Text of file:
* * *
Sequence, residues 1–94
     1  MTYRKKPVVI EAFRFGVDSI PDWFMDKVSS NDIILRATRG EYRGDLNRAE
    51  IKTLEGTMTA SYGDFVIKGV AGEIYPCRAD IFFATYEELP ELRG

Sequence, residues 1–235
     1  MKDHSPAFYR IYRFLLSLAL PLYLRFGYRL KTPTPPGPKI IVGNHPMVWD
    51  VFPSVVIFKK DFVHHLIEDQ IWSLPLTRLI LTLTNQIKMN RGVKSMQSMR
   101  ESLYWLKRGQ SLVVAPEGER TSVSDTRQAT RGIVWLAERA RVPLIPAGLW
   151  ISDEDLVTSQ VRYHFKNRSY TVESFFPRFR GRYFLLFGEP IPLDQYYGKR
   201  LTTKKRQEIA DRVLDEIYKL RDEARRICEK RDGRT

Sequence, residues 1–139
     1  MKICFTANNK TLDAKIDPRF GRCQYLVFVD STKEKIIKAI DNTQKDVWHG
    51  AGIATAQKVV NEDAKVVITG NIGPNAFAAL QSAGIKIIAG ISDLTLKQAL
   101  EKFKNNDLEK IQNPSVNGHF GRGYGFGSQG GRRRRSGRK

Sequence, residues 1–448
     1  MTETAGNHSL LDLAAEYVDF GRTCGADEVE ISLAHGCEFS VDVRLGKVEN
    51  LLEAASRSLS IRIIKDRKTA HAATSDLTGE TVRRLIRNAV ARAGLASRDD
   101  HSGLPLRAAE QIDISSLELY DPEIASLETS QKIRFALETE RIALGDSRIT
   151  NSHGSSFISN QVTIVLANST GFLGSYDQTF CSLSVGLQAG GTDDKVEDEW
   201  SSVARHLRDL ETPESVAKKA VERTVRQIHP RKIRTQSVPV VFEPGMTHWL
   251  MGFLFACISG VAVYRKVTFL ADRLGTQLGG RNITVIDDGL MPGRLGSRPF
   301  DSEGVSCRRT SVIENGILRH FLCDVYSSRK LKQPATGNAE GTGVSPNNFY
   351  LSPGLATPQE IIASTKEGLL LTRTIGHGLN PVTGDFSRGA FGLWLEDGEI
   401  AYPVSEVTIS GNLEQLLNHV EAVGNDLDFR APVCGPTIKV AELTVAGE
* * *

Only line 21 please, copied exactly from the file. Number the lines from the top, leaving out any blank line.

   301  DSEGVSCRRT SVIENGILRH FLCDVYSSRK LKQPATGNAE GTGVSPNNFY